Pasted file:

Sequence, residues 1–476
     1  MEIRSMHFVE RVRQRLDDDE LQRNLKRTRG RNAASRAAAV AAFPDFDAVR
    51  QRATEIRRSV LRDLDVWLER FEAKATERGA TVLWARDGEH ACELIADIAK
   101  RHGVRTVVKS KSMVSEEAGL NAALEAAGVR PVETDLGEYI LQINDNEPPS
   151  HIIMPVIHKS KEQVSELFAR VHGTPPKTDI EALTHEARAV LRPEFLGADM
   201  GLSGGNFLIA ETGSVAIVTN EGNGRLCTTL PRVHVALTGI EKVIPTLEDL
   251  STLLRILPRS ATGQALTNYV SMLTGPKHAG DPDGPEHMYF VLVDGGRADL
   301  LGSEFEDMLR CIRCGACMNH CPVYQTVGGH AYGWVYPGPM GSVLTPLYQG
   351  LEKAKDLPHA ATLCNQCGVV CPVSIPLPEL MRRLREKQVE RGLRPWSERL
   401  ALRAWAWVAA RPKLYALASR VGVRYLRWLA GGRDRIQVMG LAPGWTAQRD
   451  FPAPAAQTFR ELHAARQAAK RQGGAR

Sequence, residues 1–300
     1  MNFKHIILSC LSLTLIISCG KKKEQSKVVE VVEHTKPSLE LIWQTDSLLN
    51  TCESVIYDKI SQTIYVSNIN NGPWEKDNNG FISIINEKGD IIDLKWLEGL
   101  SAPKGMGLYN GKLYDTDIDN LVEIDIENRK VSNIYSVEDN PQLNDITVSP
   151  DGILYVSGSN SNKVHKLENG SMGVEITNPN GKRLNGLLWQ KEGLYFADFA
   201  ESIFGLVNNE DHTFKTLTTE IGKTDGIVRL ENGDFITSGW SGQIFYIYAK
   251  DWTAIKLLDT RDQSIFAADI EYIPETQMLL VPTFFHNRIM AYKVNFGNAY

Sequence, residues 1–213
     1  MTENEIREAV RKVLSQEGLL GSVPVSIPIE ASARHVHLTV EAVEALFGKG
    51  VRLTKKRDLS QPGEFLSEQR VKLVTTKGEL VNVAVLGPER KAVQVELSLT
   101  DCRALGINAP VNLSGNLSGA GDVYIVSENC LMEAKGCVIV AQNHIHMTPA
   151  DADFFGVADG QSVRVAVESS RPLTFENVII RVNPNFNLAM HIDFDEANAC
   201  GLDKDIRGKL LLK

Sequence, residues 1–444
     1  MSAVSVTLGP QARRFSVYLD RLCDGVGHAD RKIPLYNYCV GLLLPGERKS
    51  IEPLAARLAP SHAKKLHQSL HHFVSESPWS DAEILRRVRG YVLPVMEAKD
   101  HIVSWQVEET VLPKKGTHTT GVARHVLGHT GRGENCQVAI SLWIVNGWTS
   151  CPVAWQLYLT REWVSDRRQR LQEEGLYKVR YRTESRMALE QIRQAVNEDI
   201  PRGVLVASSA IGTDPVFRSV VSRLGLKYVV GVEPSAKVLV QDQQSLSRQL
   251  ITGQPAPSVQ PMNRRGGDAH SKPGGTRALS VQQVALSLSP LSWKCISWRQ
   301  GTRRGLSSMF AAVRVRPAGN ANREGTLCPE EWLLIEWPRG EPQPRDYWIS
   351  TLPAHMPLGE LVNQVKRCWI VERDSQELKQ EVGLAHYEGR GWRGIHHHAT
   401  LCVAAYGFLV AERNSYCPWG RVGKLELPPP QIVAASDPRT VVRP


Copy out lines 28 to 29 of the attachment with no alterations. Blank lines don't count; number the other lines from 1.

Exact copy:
   101  HIVSWQVEET VLPKKGTHTT GVARHVLGHT GRGENCQVAI SLWIVNGWTS
   151  CPVAWQLYLT REWVSDRRQR LQEEGLYKVR YRTESRMALE QIRQAVNEDI